|SANITARY WORK IN GREAT DISASTERS.|
PRESIDENT OF THE PENNSYLVANIA STATE BOARD OF HEALTH.
THE suggestions offered in this paper are derived from the experience of the past summer at Johnstown, Pa., and in the other flooded regions of the State, where a large share of the organization of the sanitary measures fell to the writer. Although one ninth of the inhabitants of the devastated district perished and were buried in the débris, along with thousands of domestic animals; and although typhoid fever, measles, and diphtheria existed in the district before the calamity, they never spread to any great extent, and certainly never became epidemic.
The region was a peculiarly difficult one in which to conduct sanitary relief. Along a narrow mountain valley for twenty miles were scattered some twenty-eight towns and villages, forming Johnstown. Of these, twenty were devastated by the flood, which left almost every village isolated from the others, all bridges and roads being destroyed, as also all horses and vehicles of the inhabitants, thus rendering communication extremely difficult or impossible. The members of the State Board of Health were unacquainted with the geography of the region, and with the local physicians, as well as with those who volunteered their services. There were no disinfectants on hand, and the whole appropriation of the Board for sanitary purposes was but two thousand dollars for the whole year. When, therefore, on June 1, 1889, representatives of the State Board of Health of Pennsylvania reached the desolated Conemaugh Valley, to do what could be done to prevent the occurrence and spread of disease among the exhausted and stricken survivors, the best estimates that could be hastily secured showed that ten thousand human beings, one thousand horses, one thousand cows, together with a great number of hogs, dogs, chickens, cats, etc., were drowned and buried in the débris at Johnstown, and in the drift-piles down the river, while ten thousand sufferers were without shelter, wet, hungry, and distracted. There were slime, mud, carcasses of domestic animals, and human bodies everywhere.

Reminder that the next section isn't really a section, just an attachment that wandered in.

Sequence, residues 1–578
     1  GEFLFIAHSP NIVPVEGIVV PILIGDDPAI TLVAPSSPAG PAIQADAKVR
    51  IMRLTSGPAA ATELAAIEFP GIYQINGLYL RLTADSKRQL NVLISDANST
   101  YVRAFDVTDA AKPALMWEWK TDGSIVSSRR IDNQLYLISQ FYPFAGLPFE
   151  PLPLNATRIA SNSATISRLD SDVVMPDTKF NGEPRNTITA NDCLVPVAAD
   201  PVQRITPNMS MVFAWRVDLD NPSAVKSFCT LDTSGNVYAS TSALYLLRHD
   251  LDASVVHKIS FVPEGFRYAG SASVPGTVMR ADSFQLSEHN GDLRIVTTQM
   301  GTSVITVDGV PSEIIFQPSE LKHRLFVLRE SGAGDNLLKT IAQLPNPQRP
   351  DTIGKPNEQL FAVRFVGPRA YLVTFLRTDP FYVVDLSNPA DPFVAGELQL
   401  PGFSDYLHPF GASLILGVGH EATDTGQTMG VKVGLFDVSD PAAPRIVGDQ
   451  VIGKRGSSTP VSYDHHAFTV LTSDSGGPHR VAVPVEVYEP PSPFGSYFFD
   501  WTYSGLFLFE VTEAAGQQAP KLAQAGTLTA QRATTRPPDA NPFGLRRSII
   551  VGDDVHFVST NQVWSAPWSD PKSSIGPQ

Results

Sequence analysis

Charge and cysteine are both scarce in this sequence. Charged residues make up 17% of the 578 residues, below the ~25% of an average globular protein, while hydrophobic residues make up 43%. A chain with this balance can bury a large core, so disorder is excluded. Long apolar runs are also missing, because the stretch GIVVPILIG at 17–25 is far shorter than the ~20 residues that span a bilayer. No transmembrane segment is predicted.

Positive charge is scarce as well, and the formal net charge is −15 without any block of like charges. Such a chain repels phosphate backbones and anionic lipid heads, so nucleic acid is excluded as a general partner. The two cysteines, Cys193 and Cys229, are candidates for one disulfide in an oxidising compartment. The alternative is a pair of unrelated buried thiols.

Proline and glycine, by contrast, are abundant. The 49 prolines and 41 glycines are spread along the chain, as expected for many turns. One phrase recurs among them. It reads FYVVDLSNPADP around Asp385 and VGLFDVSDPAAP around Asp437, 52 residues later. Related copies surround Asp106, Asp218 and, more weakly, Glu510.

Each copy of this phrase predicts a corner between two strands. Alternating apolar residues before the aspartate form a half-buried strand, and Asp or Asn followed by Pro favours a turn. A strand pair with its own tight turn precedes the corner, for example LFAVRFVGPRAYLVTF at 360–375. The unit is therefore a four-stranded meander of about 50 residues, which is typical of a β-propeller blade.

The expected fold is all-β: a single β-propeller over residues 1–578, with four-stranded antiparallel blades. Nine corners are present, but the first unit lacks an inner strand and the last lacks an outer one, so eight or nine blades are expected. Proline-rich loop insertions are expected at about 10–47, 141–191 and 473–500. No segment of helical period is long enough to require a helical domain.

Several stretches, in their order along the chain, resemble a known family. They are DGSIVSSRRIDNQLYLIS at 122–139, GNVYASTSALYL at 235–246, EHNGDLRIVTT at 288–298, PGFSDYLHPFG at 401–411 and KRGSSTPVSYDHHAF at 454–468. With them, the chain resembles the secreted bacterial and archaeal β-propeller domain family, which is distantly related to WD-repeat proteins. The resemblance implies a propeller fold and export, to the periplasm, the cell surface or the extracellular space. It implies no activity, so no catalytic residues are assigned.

"No pen has yet fully described the condition that existed the next day after the waters of the South Fork Lake had swept the valley. The pen will never picture the desolation that existed, or tell of the difficulties that confronted the inhabitants of the stricken valley. The homes that were not swept away were left in the most unsanitary condition imaginable. The flood in many localities reached a height of thirty feet. This water contained